UDP UDP Header contains only source, destination ports, message length, checksum and the data. 16 bit port number so possible ports. It’s harder for network devices to understand and track UDP status. You can’t tell from the header what part of the transmission it is. More difficult to secure therefore easy to use to attack.
Application’s UDP Ports Requests for Domain Name Service (DNS) lookup Port 53 Trivial File Transfer Protocol (TFTP) Port 69 Simple Network Management Protocol (SNMP) Port 161 [Stallings, Chp.8] Echo — Port 7 Gopher — Port 70 RealPlayer [streaming] Data Port 7070 (among others)
The IP Header 32-bit words Source IP Address Destination IP Address Options (if any)Padding Data Total LengthIHL Service Type Version. Fragment Offset FlagsIdentification Header ChecksumProtocol Time to Live
Some IP Header Components Internet Header Length (IHL) Service type sensitivity to delays Identification Supports fragment reassembly Flags “Don’t Fragment,” “More Fragments” Fragment Offset this fragment’s position in the packet Time-to-Live (TTL) max. no. of router-to-router hops packet can take
Internet Control Message Protocol (ICMP) Network layer, “network plumber” Provides more control than IP Same header format as IP, except... protocol field holds the value 1 (= ICMP) data component holds an ICMP type field 0 — echo reply 3 — destination unreachable 4 — source quench 5 — redirect 8 — echo 11 — time exceeded 12 — parameter problem 13 — timestamp 14 — timestamp reply 15 — information request 16 — information reply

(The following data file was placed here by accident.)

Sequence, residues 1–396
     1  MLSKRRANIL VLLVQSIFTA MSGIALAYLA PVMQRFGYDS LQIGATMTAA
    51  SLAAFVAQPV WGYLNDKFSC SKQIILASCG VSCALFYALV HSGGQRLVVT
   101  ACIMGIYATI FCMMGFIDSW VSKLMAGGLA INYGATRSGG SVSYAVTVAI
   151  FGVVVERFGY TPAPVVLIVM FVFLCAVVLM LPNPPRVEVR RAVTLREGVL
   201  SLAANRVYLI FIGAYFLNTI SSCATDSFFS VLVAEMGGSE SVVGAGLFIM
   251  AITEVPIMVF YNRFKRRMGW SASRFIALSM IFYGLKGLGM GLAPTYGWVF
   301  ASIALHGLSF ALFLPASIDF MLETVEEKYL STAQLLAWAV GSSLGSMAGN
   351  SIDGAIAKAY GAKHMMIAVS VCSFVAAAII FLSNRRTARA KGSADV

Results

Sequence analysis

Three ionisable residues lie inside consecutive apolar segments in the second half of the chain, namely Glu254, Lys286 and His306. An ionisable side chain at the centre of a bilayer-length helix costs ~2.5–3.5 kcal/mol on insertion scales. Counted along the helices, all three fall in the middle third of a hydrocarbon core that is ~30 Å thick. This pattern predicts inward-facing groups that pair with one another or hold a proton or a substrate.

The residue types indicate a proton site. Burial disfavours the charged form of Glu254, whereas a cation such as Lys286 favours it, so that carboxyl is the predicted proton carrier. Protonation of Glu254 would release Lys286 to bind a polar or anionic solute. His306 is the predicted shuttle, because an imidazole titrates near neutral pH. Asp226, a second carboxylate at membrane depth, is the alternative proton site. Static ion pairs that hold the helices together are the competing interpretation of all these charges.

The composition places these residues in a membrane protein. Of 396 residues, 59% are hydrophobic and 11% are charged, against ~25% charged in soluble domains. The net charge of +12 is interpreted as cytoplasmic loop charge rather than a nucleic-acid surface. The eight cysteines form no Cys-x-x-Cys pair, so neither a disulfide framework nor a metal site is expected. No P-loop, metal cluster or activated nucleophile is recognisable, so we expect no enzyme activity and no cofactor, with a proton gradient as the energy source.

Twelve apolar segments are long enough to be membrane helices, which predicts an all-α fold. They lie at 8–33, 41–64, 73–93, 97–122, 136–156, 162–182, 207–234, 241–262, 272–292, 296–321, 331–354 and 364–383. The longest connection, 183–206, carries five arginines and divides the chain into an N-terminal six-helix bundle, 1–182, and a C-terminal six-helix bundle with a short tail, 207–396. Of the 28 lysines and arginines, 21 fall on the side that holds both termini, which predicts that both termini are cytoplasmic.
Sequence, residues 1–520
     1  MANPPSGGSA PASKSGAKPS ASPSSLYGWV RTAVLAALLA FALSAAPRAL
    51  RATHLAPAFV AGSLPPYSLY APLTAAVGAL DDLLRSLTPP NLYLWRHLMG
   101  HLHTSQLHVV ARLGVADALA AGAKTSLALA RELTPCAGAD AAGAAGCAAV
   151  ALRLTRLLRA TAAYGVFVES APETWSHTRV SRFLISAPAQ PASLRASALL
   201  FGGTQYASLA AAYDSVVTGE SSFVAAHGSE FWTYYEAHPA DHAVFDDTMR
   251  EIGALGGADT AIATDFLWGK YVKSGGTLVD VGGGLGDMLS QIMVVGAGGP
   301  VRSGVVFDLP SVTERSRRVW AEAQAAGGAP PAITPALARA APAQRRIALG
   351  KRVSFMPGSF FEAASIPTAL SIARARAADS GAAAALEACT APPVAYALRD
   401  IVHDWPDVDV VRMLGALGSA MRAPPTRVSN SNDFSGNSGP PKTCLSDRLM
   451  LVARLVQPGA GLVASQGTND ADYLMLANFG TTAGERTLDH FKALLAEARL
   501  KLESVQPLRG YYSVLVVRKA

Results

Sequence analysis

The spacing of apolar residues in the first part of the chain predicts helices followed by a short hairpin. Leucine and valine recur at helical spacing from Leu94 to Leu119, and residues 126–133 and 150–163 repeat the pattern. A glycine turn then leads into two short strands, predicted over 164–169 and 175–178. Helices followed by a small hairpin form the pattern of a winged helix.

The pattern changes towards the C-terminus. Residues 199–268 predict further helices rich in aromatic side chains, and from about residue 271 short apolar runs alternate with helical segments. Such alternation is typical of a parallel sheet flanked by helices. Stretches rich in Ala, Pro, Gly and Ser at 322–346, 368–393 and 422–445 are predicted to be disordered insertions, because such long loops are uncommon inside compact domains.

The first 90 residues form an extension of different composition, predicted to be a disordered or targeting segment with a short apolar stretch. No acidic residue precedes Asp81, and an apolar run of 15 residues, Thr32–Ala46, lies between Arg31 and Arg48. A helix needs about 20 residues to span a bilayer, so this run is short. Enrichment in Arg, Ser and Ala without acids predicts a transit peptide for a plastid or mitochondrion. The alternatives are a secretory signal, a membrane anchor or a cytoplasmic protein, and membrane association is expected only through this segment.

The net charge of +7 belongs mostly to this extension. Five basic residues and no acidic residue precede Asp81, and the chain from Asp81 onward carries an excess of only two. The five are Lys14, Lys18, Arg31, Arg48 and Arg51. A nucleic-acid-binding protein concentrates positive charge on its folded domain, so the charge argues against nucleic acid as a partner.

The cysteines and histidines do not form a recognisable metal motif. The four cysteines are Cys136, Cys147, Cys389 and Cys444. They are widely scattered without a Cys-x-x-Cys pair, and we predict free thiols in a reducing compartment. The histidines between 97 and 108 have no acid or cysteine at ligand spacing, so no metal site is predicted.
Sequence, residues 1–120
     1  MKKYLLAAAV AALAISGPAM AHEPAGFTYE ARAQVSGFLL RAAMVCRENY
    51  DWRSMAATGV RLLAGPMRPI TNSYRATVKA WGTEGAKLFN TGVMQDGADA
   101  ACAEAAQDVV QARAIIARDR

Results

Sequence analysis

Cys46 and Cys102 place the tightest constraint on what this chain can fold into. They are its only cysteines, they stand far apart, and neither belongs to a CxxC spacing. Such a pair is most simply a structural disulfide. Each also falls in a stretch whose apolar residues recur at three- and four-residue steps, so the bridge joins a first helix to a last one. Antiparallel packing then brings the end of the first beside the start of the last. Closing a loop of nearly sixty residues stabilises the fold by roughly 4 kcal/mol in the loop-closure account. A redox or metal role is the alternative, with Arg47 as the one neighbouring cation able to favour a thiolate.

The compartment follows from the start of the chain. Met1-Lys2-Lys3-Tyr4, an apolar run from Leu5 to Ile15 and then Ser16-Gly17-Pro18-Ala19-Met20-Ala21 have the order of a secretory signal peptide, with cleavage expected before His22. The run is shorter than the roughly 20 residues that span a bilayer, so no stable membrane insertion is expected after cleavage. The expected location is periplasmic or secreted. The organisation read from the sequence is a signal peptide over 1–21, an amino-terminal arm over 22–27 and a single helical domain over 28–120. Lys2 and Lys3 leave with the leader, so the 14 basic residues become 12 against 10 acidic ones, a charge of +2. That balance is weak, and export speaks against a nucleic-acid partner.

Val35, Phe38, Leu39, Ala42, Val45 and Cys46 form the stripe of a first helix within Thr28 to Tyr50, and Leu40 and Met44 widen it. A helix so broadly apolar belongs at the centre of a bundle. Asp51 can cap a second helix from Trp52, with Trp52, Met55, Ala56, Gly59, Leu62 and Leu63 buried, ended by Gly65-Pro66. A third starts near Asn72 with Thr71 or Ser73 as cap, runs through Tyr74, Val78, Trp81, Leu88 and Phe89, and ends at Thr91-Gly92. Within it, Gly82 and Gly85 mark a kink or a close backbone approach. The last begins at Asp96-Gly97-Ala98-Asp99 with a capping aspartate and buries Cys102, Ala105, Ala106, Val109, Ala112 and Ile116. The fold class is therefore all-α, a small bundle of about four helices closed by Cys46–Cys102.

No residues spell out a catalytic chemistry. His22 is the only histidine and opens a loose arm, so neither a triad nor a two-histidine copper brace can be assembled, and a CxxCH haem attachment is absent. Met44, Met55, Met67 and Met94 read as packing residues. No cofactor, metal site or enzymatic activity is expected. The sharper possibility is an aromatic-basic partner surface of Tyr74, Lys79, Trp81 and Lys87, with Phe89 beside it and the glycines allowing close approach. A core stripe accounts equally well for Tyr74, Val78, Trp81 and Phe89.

IP Addresses 2 32 (= 4,294,967,296) dotted-quad addresses binary: 32 bits min: max: decimal: 4 groups of 3 digits (0-255) min: max: Not all addresses are available some set aside for private networks (“unroutable”) 10.x.y.z, y.z, y.z connects any machine back to itself!
MAC Addresses Medium Access Control (MAC) addresses Data link layer 48 bits Globally unique each card manufacturer has a range of addresses to assign each card has its own MAC address Address Resolution Protocol (ARP) table contains MAC-to-IP mappings
Types of Network Connection Points Hub dumb, broadcasts all packets to everybody Bridge connects 2 + networks, sends packet to destination Router connects several networks, can look up best route Switch additional intelligence, sends packets to one specific MAC address [Personal] firewall [Stallings, Chp. 10] hardware/software passes only authorized packets
Network Address Translation (NAT) Mapping to a single external IP address every inbound packet appears to come from the NAT device’s IP address connect large, IP-address-poor network to Internet One-to-one mapping each machine on the internal network is mapped to a valid IP address map user requests to a perimeter network
Traditional Packet Filters Can filter based on... source IP address destination IP address source TCP/UDP port destination TCP/UDP port TCP code bits protocol in use direction interface Can also filter using a state table which... remembers previous packets outgoing SYN should be followed by an incoming ACK from the appropriate address has timeouts (10-90 secs.) remove entry if no further packets associated with the entry after interval Stateful Packet Filters v.
Adding Security via Protocols Application-layer security Pretty Good Privacy (PGP) [Stallings, §5.1] Secure/Multipurpose Internet Mail Extension (S/MIME) [Stallings, §5.2] Secure Shell (SSH) Secure Socket Layer (SSL) Transport Layer Security (TLS) [Stallings, §7.2] HTTPS is HTTP running over SSL (on Port 443) Internet Protocol Security (IPSec) [Stallings, Chp. 6] Authentication Header (AH) Encapsulating Security Payload (ESP)